Death on the Nile: was King Tut's killer the general by the pyramid?

Click to follow
The Independent Online
In what must be the longest running "whodunnit" of all time, new evidence has emerged into the mysterious death, 3,000 years ago, of King Tutankhamun.

The combined skills of a former Scotland Yard detective and a medical expert suggest that the boy pharaoh may have been murdered by one of his top officials or a general.

Ever since Tutankhamun, who died at the age of nine in 1352BC, was discovered buried in the Valley of the Kings in Egypt 1922 there has been intense speculation about his demise.

Now the magazine MAG - Museums and Galleries - has brought together a "historic murder squad" to investigate the case. Their findings, published on Monday, suggest that foul play ended the young king's life.

Analysis of X-rays of Tutankhamun's skull by Professor Ian Isherwood, a retired neuro-radiologist with 33 years experience, revealed a small depressed fracture in the back of the skull. Professor Isherwood believes the injury was probably caused by a blow to the head which most likely took place before his death.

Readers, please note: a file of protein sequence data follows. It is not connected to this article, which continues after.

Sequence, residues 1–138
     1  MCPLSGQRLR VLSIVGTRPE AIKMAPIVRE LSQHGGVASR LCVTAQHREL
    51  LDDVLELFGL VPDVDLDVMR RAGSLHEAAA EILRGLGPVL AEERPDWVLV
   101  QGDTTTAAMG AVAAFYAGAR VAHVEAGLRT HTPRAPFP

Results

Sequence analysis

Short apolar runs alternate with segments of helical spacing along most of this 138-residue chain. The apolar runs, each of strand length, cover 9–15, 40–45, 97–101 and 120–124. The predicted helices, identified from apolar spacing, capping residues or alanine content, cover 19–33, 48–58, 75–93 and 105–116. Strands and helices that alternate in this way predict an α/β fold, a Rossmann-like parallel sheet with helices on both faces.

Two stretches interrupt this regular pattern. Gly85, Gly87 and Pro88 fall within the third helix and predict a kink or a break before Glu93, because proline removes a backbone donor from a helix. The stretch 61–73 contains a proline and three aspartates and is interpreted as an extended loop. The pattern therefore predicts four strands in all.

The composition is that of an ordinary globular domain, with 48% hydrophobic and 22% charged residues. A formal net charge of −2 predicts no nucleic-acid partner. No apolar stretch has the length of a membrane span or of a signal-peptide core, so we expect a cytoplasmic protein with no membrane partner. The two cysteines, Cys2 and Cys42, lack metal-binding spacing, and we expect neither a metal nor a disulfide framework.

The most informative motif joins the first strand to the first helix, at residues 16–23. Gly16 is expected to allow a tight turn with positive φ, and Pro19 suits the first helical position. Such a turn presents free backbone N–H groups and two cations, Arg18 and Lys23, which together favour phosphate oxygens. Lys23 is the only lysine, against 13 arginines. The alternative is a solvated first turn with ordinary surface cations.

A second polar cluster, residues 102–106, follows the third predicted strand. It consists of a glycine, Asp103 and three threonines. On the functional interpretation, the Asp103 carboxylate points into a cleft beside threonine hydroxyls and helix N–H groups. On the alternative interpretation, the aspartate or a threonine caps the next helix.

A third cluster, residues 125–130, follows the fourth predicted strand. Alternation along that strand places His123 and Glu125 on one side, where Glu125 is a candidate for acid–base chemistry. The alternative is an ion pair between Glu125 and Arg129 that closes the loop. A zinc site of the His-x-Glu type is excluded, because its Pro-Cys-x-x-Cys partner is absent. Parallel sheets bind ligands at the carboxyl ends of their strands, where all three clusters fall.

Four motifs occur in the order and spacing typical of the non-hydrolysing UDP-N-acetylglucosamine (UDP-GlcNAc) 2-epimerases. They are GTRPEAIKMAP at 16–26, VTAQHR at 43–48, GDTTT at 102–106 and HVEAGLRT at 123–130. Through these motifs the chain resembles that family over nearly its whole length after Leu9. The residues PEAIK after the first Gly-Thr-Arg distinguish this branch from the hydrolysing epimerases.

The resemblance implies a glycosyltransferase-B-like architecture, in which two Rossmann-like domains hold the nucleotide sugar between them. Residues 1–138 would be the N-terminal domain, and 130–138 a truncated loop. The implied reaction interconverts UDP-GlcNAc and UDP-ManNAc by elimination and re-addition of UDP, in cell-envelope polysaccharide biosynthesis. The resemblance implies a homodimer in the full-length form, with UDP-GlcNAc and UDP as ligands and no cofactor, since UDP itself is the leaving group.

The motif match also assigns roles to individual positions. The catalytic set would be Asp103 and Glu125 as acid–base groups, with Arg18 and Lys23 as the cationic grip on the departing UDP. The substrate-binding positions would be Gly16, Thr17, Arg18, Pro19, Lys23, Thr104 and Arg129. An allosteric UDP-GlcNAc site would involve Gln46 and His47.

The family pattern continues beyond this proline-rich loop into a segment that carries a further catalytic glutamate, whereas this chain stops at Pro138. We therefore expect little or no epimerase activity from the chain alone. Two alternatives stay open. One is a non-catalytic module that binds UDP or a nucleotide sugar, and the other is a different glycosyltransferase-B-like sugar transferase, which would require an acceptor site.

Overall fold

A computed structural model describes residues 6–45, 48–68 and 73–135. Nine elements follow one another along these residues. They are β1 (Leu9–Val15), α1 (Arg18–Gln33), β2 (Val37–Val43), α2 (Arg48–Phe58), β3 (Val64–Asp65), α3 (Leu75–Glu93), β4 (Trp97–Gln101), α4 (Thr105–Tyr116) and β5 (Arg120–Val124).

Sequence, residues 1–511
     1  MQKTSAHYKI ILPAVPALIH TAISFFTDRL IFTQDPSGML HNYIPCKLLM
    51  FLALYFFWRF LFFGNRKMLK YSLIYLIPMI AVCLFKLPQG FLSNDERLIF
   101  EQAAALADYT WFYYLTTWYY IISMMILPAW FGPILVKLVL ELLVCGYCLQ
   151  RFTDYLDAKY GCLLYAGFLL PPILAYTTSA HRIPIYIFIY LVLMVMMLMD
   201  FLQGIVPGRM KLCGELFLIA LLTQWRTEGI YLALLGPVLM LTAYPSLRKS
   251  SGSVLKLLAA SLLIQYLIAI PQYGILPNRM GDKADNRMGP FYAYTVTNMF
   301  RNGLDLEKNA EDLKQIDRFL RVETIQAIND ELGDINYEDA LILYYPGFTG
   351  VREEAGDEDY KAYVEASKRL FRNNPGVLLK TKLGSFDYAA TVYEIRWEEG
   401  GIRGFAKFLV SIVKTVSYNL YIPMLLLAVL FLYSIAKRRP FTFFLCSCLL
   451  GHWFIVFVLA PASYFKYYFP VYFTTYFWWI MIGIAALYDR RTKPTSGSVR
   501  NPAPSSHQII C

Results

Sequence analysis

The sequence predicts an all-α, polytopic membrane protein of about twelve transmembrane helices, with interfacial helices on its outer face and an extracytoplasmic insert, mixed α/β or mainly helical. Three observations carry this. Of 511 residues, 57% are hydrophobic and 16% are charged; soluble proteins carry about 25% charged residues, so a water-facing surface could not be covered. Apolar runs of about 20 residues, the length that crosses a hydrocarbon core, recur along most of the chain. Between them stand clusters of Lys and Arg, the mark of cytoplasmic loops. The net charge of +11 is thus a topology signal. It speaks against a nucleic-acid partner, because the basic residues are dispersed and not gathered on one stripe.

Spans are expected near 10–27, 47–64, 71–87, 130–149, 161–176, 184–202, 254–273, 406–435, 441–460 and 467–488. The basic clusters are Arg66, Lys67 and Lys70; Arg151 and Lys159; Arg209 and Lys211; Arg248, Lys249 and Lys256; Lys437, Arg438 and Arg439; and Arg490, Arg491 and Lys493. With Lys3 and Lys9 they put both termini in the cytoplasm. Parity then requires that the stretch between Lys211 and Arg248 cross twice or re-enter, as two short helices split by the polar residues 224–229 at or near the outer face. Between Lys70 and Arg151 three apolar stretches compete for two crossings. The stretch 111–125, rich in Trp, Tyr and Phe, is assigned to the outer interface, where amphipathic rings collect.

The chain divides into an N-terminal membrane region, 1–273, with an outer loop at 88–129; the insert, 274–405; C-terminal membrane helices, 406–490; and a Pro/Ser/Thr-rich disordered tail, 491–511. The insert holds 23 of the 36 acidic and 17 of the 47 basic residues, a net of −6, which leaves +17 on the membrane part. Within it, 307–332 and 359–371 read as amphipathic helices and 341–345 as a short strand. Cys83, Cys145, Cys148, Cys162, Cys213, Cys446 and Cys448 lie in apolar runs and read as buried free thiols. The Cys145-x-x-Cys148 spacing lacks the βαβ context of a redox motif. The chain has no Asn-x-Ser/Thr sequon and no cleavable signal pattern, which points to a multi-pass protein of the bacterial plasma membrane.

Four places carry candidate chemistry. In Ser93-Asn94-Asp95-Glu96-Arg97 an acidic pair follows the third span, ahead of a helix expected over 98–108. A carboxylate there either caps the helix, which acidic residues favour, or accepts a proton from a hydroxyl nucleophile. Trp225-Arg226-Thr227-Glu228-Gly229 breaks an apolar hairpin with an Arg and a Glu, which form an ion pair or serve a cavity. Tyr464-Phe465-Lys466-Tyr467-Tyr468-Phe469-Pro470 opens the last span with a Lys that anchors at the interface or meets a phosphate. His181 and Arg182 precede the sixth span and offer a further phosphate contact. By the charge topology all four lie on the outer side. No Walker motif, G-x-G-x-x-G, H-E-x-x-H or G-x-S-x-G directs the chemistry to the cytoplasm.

"During mummification you often get [this sort of injury] in limbs but not in the skull," he said yesterday. He added: "It doesn't imply mal- intent, unless there's circumstantial evidence to support it."

So the question is whether there was anyone with a motive.

In steps Graham Melvin, a former detective inspector with the Metropolitan police. His prime suspects are Ay, the king's vizier, and the head of the army, General Horemheb. "You would need two. If Ay was acting alone, wouldn't Horemheb have been angry with him for murdering his king? Anyway, Ay would have needed the army's support."

Further circumstantial evidence is that Ay took over Tutankhamun's throne and married the dead king's widow. Following Ay's death Horemheb took power and destroyed the young Pharaoh's monuments. The name of Tutankhamun was removed from the list of kings.

Mr Melvin said: "It wasn't about power per se. If it had been about power, why wait. They'd have bumped him off long ago.

"It was about the greater glory of the country. Ay was old. They agreed, on a handshake, that he'd take over, and Horemheb knew when Ay was dead, he could do as he liked."

Despite this new inquiry and fresh list of suspects, no charges are expected.

Comments